This was a hard read. I had to put it down several times because the visualization was just too intense, the bigotry and viciousness too unadulterated. Yet, I think it's something every American needs to read so that the actions contained in this book will never be repeated.
7 internautes sur 7 ont trouvé ce commentaire utile 
They were literally warriors on the battlefield 15 mars 2004
Par Mahogany Book Club - Publié sur Amazon.com
Format: Relié
Warriors Don't Cry is the moving story of the nine Black teenagers who dared
to integrate Central High School. The story is told by one of the
teenagers, Melba Pattillo.
Ms. Pattillo begins the story in 1954 when the Supreme Court of the United
States in Brown v. the Board of Education held that separate but equal
schools were inherently unequal and ordered school districts to desegregate
with all deliberate speed. She recalls that white people in Little Rock
were outraged and while walking home on the date the decision was handed
down an angry white man attempted to rape a 12 year old Melba. Such a
chilling response to the order to integrate is an eerie prelude to the
ordeal Melba and the eight others endured in their effort to integrate
Central High School.
Following Brown the Little Rock School District came up with a plan to
integrate which limited integration to Central High School and delayed the
process of integration until September 1957. Arkansas Governor Faubus came
out against any type of integration and when it came time for Melba and the
others to integrate Central in September 1957, Governor Faubus sent out the
Arkansas National Guard and the Arkansas State Troopers to block the
students from entering. President Eisenhower in turn sent the United States
National Guard to Central High School to enforce the order of the Court.
This crisis of federalism was another interesting story line in the book
chocked full with drama.
Once inside the school with the assistance of the federal National Guard,
the treatment the Black students received was disgusting, unbelievable and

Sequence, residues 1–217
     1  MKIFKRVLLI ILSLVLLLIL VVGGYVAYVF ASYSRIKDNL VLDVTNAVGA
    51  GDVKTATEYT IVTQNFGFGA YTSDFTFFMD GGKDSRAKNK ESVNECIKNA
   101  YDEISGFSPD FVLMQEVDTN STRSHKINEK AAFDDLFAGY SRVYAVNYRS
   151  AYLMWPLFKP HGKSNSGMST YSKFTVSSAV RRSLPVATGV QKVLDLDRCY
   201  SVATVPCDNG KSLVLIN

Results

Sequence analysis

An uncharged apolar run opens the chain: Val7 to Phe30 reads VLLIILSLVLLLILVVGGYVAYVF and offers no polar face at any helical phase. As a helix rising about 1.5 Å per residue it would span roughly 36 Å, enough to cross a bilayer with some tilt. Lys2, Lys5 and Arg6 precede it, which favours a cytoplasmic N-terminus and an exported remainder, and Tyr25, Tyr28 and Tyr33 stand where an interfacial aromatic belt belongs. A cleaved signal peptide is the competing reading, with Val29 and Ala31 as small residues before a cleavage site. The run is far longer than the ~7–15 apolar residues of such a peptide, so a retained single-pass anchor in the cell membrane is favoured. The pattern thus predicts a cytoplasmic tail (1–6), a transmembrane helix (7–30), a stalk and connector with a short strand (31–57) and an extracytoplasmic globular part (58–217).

heartbreaking. I literally burst out crying at on several occasions while
reading what some people inflicted upon others just because of the color of
their skin. The students were stabbed, pushed down stairs, slapped,
punched, called every kind of vile name imaginable, and sprayed with urine,
acid and ink to name just a few of the indignities, while most if not all
administrators and teachers did nothing to halt the depraved behavior of the
students. The students were also subject to distain from people in their
own community for attempting to integrate because of the repercussions felt
by all members of the Black community. Jobs were lost, and people were
beaten and shot just because they were Black and the white people in Little
Rock did not want integration.
The courage of these nine students is inspiring and their faith never
wavered. They were literally warriors on the battlefield; fighting for
their lives and their education inside the walls of Central High School.
This is a must read for everyone. Learning or relearning this history will
give you a greater appreciation of the importance of education, give you a
greater desire to seek your own education and/or encourage your children to
take advantage of every available educational opportunity.
20 internautes sur 24 ont trouvé ce commentaire utile 
Excellent for teaching 28 octobre 2004
Par M. Adams - Publié sur Amazon.com
Format: Cahier
This is an excellent book about the Little Rock 9 told by one of the students.

The details are excellent and it gives a REAL account of the torture the students went through, and the depths to which people can sink and how terribly they treat each other.

I was glad to see an account of one of the MAJOR events in the American Civil Rights struggle which did not play down what happened, nor sugar coat it. People need to know what happened, and what it was like for the participants. This book will tell them.

I highly recommend this book.